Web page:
It’s one thing to demand fidelity and allegiance from those who come here to become citizens. It’s another to say that to become an American citizen you have to change your identity and take a new one on, jettisoning traditions you might not want to. You are not a racist or a xenophobe, and everyone who knows you knows it, but you are mostly supportive of the president, at least against those who want him removed from office. Someone who doesn’t know you might not like that fact, and you might push those who don’t know you in the wrong direction by saying something like that.

    • Learning new stuff is good for the brain. That includes names, pronunciations, new cultures and traditions. Yeah, you might have to work for it. It’s still good for you. Americanizing everything about oneself is dumb. Yeah, people used to do it. Doesn’t mean it’s a good thing forever.

      • Actually I read it this past weekend on FB, it was a repost by an African-American woman I know, with the relatively easy first name of Kayla. Having a strange-sounding name can be a burden, however, deliberately mispronouncing someone’s name after they tell you the correct pronunciation is a dick move. It’s not limited to racism, but it’s very easy to attack obvious ethnic names. “Hey, why do all Polish names end in -ski? Because they’re too dumb to spell toboggan!” Ha ha. It is to laugh. It’s also easy to just mock someone’s name. “Haha, Cindy Fuchs? From now on you answer to Cindy Fucks!” Hahaha, not funny the first time and just annoying every time after, but the jerk thinks it’s funny when Cindy melts down. “Haha, Abe Lipshutz? From now on you’re Lipshits!” Dick move, but unless Abe has done like Brian Schwartz in Porky’s (“when you’re Jewish you either learn to fight or you take a lotta shit. I don’t like to take shit”) he’s in for a lot of abuse. My point is no one should give someone crap just about his name. It’s rude, it’s juvenile, and it’s not winning friends and influencing people.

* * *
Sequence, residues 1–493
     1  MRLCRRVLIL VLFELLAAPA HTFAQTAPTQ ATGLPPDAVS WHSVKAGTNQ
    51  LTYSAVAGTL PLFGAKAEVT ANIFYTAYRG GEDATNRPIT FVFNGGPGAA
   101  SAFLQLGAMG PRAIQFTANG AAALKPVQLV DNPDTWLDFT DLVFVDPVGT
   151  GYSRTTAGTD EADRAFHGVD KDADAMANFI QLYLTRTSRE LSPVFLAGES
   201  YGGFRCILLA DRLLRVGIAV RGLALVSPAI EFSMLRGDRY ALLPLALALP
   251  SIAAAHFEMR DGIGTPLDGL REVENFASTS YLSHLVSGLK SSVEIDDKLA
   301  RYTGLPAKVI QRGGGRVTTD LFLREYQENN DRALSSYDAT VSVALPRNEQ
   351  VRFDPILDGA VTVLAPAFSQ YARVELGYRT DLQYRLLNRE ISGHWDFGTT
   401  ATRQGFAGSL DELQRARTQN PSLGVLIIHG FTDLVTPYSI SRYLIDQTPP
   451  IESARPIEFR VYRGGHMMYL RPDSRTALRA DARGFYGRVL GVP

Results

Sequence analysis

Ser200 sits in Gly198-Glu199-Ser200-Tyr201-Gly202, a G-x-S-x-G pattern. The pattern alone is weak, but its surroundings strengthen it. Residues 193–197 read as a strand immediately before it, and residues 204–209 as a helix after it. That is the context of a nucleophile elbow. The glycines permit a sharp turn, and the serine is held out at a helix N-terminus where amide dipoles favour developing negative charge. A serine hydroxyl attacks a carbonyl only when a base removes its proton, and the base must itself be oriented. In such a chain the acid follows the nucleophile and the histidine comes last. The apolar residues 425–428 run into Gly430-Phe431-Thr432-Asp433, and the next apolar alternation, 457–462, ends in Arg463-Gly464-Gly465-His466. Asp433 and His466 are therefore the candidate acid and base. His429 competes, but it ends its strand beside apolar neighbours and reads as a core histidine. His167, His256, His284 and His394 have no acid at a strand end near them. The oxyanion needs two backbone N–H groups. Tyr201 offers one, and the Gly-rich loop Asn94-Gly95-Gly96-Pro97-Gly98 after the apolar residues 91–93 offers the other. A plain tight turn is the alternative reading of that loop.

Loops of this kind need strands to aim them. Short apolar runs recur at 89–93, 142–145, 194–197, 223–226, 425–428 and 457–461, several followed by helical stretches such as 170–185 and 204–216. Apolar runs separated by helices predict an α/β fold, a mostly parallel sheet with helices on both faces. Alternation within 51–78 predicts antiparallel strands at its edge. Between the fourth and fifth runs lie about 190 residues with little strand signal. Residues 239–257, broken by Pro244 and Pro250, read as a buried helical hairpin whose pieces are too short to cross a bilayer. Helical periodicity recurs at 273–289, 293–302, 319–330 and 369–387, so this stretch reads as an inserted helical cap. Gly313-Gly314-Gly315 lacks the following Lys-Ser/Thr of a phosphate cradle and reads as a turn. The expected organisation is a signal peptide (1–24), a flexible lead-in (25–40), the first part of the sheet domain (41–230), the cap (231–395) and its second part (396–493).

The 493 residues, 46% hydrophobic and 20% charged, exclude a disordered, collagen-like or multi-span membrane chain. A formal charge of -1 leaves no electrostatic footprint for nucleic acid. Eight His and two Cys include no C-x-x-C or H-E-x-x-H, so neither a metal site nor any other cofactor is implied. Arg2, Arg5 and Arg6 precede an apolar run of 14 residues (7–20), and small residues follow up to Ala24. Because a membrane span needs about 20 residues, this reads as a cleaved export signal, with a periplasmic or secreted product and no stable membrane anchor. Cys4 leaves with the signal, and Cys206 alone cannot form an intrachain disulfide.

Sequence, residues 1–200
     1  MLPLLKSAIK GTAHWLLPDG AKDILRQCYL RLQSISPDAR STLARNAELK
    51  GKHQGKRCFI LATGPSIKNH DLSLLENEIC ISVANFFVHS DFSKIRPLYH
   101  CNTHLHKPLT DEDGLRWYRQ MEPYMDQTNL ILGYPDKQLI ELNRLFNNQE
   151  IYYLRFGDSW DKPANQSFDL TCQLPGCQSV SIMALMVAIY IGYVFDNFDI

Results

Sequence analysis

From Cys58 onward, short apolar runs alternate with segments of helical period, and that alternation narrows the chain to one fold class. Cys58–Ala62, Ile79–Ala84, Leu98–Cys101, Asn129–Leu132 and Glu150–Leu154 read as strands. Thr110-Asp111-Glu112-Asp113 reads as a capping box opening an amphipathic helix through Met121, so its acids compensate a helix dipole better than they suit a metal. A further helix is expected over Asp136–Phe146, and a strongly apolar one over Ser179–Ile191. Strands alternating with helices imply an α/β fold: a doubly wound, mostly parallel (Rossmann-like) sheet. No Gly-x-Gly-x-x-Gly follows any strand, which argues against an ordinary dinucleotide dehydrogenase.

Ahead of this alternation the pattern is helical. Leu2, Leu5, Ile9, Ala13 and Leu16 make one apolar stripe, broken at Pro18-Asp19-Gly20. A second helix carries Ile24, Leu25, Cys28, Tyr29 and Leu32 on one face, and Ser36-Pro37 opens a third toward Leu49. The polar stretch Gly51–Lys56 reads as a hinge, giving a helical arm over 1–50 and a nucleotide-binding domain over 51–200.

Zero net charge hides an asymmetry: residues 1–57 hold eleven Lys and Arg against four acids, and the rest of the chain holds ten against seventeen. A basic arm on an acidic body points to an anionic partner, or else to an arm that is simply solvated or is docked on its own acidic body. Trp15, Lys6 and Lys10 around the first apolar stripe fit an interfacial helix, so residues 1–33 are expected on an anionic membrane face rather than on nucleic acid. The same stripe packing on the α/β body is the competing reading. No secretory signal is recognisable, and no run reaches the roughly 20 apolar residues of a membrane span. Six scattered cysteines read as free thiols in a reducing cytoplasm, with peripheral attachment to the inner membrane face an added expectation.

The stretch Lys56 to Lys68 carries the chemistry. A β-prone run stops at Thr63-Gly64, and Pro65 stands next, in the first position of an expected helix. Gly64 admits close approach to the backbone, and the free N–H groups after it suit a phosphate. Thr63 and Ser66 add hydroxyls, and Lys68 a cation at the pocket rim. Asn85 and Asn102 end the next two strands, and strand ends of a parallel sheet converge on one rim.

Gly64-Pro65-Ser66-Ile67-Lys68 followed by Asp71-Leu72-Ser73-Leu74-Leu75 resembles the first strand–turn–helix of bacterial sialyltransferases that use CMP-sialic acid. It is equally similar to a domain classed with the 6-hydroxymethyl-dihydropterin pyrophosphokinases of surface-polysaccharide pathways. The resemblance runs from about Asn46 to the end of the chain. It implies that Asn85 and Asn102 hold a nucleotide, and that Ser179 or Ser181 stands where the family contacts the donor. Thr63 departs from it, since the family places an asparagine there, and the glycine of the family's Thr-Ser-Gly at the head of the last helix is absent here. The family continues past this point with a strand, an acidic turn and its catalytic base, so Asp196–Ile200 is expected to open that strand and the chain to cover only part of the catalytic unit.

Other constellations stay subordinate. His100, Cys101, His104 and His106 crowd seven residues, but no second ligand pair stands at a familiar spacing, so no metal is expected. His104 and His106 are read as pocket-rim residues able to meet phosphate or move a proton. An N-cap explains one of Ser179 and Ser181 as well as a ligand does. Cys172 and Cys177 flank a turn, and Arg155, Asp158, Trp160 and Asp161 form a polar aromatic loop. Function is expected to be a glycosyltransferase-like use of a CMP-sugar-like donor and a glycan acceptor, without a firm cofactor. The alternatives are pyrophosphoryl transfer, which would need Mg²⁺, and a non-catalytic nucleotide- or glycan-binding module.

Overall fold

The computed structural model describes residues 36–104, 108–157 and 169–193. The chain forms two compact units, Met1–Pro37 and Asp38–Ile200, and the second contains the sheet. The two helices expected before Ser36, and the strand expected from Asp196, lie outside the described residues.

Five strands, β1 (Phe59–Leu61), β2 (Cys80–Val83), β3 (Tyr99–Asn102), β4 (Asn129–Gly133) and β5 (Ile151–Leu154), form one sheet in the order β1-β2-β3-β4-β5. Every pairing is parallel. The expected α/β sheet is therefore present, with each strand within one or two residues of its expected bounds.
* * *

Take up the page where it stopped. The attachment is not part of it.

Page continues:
That said, there is supposed to be a certain unity to American society. If you have an unusual name, it’s going to attract attention. You’re going to have to work twice as hard to win people over. If you insist on being different, people are going to notice. You can say “the fact that they are ignorant isn’t my problem,” but it can become your problem. You can refuse to celebrate holidays, but don’t be surprised if others wonder why. You can refuse to salute the flag, but don’t be surprised if others don’t like that. You can loudly criticize this country, but don’t be surprised if others tell you if you don’t like it, then leave.